Yields of hydrogen peroxide from the reaction of hydroxyl radical with organic compounds in solution and ice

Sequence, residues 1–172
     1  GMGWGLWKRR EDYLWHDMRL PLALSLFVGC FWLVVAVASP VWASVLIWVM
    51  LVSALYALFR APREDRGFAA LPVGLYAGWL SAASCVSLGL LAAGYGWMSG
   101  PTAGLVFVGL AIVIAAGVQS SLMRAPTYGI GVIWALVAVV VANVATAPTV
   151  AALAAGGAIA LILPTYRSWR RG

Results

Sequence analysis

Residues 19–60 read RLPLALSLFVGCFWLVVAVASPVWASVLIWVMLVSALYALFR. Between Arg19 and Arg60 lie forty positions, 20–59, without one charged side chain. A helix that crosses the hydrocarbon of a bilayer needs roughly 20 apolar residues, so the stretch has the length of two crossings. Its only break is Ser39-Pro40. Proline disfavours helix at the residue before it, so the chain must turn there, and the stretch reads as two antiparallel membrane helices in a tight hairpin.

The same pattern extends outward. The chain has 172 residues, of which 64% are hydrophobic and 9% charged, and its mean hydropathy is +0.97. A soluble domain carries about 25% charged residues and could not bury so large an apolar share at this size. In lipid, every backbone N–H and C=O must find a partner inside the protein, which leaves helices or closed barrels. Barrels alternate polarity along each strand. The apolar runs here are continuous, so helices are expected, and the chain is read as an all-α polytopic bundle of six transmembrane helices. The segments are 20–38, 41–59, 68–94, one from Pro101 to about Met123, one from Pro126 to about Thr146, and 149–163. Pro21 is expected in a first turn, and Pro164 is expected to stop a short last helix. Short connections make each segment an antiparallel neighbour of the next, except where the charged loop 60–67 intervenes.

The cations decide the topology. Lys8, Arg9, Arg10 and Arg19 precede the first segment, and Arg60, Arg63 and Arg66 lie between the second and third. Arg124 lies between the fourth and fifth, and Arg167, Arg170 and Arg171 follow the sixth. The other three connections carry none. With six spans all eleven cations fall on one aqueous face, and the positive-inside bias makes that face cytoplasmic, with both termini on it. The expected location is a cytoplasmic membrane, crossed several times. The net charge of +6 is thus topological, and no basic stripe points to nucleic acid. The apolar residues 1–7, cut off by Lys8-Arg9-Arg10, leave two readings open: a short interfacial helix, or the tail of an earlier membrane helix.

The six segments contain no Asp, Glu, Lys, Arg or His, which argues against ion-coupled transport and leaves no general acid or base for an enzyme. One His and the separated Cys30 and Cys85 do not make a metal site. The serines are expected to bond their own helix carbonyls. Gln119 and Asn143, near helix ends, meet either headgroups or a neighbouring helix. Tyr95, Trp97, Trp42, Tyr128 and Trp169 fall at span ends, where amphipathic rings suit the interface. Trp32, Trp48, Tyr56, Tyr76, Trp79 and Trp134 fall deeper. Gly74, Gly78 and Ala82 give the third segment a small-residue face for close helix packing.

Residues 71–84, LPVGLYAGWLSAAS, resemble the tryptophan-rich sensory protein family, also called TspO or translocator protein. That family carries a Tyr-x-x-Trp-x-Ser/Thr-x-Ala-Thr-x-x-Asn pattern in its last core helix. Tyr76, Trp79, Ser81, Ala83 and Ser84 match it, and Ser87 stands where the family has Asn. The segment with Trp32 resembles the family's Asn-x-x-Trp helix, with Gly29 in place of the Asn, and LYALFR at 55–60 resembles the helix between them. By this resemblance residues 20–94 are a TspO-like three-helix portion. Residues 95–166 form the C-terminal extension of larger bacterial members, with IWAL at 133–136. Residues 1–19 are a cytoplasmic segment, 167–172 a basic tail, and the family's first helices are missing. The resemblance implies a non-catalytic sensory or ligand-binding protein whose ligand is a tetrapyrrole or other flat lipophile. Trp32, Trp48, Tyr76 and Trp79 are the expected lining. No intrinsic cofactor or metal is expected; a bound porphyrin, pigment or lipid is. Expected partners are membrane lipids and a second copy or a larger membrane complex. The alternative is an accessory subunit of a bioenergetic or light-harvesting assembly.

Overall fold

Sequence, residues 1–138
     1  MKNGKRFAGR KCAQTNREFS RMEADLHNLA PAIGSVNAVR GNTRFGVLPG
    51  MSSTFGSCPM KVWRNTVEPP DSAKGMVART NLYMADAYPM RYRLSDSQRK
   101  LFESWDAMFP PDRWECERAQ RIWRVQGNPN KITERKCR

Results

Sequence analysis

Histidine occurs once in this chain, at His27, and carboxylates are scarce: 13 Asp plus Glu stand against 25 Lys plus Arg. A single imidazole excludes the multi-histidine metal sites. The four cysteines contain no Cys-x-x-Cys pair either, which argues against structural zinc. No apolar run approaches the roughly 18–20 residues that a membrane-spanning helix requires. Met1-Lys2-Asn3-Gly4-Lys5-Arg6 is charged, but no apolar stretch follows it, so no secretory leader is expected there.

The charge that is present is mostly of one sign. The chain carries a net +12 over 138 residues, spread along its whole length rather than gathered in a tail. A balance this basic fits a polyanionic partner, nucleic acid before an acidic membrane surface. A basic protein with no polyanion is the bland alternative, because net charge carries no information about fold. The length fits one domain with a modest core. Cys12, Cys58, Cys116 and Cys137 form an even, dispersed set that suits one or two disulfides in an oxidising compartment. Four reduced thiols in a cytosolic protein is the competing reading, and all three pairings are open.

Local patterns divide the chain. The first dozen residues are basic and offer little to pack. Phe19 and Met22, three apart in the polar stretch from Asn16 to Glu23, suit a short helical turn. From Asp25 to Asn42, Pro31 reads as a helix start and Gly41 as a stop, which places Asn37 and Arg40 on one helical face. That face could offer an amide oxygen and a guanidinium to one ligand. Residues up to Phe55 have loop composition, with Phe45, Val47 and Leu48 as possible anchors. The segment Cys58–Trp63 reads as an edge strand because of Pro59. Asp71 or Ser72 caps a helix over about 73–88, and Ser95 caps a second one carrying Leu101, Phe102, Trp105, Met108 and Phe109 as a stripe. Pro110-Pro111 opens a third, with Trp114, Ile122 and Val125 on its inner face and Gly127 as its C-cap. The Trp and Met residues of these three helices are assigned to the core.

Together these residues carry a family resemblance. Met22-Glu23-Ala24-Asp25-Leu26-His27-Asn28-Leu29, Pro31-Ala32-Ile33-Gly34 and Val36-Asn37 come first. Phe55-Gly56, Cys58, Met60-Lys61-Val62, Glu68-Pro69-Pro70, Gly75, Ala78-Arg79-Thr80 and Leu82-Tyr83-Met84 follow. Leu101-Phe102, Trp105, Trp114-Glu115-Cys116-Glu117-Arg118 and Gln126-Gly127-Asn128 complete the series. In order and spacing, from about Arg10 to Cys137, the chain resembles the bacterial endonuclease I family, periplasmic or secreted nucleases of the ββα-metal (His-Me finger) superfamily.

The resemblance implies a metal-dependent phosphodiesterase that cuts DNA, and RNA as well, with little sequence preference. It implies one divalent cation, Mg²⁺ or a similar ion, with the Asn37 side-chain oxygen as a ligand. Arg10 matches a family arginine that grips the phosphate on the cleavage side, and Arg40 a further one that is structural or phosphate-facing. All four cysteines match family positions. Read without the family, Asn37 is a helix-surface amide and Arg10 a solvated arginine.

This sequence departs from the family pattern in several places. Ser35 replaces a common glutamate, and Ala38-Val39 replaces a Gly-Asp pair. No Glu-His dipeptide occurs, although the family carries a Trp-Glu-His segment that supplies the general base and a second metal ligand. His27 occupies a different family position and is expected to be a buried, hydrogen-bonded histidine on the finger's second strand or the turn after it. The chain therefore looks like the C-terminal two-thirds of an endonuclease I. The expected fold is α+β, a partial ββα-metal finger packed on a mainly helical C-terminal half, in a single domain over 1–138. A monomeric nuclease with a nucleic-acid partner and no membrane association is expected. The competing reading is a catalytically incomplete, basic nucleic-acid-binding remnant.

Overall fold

Abstract. Hydrogen peroxide (HOOH) is a significant oxidant in atmospheric condensed phases (e.g., cloud and fog drops, aqueous particles, and snow) that also photolyzes to form hydroxyl radical (•OH). •OH can react with organics in aqueous phases to form organic peroxyl radicals and ultimately reform HOOH, but the efficiency of this process in atmospheric aqueous phases, as well as snow and ice, is not well understood. We investigate HOOH formation from •OH attack on 10 environmentally relevant organic compounds: formaldehyde, formate, glycine, phenylalanine, benzoic acid, octanol, octanal, octanoic acid, octanedioic acid, and 2-butoxyethanol. Liquid and ice samples with and without nitrate (as an •OH source) were illuminated using simulated solar light, and HOOH formation rates were measured as a function of pH and temperature. For most compounds, the formation rate of HOOH without nitrate was the same as the background formation rate in blank water (i.e., illumination of the organic species does not produce HOOH directly), while formation rates with nitrate were greater than the water control (i.e., reaction of •OH with the organic species forms HOOH). Yields of HOOH, defined as the rate of HOOH production divided by the rate of •OH production, ranged from essentially zero (glycine) to 0.24 (octanal), with an average of 0.12 ± 0.05 (95 % CI). HOOH production rates and yields were higher at lower pH values. There was no temperature dependence of the HOOH yield for formaldehyde or octanedioic acid between −5 to 20 °C and ice samples had approximately the same HOOH yield as the aqueous solutions. In contrast, HOOH yields in formate solutions were higher at 5 and 10 °C compared to −5 and 20 °C. Yields of HOOH in ice for solutions containing nitrate and either phenylalanine, benzoate, octanal, or octanoic acid were indistinguishable from zero. Our HOOH yields were approximately half those found in previous studies conducted using γ-radiolysis, but this difference might be due to the much lower (and more environmentally relevant) •OH formation rates in our experiments.